PolitiFact’s Lies of the Year fall short in any mental fact check.
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Obama falsely gave the impression Romney had lauded that bill as a model. In fact, Romney had defended the right of Arizona to pass that bill but never endorsed its contents in any way.
Well, it is a dirty trick that should be beneath a President. But it is not false in a substantive way. The kind of people Obama was directing that appeal to were those who dislike or fear the newer Arizona law. The fact that Romney defends it is probably enough to alarm those folks, and all Obama did was stoke the flames a bit. Obama’s main point remained valid; namely, if you find the Arizona law offensive, Romney’s not your guy. He just conveyed that truth in a gratuitously nasty way.
“President Obama was saying success is the result of government, not hard-working people, when he said, ‘If you’ve got a business, you didn’t build that. Somebody else made that happen.’” — Mitt Romney, on a web video, July 25, 2012
PolitiFact rating: FALSE. Reason: In context, Obama went on to clarify that when we succeed, we succeed because of our personal initiative, but also because we do things together. We rise or fall together as one nation and as one people.
There is no question some parts of Obama’s presentation were innocuous and pointed out an obvious truism, that individuals cannot thrive in anarchy. At the same time, he did start off by sneering at people who think they succeeded because they were smarter and worked harder than the other guy. “I’m always struck by people who think, well, it must be because I was so smart.”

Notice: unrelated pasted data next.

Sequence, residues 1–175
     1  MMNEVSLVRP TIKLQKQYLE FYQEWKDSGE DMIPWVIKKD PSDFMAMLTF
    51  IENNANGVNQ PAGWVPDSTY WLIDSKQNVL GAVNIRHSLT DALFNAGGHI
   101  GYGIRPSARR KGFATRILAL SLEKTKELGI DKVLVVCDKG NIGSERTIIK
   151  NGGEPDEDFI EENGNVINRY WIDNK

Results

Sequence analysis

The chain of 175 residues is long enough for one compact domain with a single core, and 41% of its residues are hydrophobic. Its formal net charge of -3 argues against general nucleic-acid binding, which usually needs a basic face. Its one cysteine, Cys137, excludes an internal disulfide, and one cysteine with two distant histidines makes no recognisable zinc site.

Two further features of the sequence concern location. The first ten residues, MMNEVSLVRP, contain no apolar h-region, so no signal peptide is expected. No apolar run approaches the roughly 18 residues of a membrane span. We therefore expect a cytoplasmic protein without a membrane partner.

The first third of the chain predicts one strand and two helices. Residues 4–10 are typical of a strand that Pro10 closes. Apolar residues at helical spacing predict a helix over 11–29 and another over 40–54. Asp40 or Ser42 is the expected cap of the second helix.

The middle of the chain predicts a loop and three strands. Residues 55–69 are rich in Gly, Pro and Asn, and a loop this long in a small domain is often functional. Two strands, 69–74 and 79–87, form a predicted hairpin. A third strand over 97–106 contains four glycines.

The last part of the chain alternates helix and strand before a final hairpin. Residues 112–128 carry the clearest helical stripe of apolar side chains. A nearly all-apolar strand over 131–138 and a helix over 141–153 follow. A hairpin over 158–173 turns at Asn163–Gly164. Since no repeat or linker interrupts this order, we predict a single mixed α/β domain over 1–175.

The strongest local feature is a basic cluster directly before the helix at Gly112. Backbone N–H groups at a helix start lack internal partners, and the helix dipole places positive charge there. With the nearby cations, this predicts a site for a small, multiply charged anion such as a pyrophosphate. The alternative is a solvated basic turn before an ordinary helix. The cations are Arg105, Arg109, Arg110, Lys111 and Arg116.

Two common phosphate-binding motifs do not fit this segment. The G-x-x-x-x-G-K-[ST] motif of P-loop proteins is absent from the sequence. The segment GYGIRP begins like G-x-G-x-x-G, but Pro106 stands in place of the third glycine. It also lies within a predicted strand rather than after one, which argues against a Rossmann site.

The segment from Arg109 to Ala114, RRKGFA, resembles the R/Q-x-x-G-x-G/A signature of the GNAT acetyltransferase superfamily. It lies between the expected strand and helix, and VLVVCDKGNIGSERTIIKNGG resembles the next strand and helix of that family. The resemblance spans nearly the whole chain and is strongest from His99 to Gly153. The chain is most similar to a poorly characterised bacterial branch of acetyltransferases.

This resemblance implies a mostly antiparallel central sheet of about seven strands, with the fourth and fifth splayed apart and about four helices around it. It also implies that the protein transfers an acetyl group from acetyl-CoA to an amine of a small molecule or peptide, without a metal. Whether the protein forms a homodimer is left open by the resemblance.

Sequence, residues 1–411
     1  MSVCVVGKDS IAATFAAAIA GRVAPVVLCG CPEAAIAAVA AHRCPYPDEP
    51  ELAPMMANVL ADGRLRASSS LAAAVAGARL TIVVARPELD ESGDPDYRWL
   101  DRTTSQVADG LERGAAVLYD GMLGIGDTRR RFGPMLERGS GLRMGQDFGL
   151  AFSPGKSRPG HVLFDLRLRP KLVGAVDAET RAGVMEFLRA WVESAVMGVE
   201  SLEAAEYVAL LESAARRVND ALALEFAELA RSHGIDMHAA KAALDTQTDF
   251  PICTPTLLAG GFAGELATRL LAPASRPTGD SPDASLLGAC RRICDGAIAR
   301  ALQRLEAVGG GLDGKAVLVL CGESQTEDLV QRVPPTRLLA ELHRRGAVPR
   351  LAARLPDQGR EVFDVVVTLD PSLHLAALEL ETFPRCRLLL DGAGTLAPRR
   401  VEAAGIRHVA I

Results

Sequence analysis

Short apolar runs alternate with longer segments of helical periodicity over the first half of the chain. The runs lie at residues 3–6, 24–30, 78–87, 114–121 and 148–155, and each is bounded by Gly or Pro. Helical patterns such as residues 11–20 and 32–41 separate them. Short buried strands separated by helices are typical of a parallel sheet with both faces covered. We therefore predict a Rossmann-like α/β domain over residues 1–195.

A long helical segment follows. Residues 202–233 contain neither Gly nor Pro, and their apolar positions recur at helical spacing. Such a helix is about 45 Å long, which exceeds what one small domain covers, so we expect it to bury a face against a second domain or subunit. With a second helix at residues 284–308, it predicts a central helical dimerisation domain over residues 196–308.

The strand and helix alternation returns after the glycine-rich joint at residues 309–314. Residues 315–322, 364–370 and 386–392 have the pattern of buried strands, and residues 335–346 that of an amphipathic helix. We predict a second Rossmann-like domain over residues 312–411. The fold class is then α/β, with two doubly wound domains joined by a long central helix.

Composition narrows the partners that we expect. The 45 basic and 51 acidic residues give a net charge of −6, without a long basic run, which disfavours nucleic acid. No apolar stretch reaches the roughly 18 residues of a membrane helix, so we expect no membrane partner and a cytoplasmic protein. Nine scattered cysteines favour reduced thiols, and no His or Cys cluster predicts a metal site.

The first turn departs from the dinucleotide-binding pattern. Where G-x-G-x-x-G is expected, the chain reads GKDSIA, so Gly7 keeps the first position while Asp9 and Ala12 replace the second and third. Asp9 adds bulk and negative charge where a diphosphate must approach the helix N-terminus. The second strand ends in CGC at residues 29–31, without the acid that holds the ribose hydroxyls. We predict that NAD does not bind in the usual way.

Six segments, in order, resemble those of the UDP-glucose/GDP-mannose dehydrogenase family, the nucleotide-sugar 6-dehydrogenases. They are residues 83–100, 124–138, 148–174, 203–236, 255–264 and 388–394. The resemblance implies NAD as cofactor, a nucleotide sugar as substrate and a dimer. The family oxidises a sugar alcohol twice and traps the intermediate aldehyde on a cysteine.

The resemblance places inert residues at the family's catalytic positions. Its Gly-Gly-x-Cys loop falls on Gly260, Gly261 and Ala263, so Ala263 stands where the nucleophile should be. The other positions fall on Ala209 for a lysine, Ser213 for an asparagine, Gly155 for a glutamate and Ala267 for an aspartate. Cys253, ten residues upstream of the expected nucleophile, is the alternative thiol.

If he would have finished that by saying God helped the winners, that would be fairly innocuous. But when he finished by saying government made it possible, he seemed to be subscribing to a view that success is more attributable to the government than to that guy being “so smart.” This makes the popular critique (which Romney echoed) a fair argument, a legitimate debating point. It certainly is not some kind of false canard manufactured out of thin air that needs to be given the bum’s rush out of the public square of political dialogue.
Some of the other lies they cite fall into the category of truly scurrilous distortion. In that respect, fact-checking could play a worthy role. But by clucking their tongues over every hyperbolic or overly dramatic presentation (such as their earlier conniption fit over Sarah Palin calling a committee determining what treatments will be paid for a “death panel”), they are not bringing greater honesty to politics, merely greater banality and timidity.
A man of faith in a godless age is hitting Americans where it hurts.
Mr. and Mrs. American Spectator Reader, let P.J. O’Rourke talk sense to your kids.
In Britain, defending your property can get you life.
It won’t take long for conservatives to scratch this presidential wannabe off their 2008 scorecard.
Was the President done in by the economy, or by the politics of the economy?
H/T to National Review Online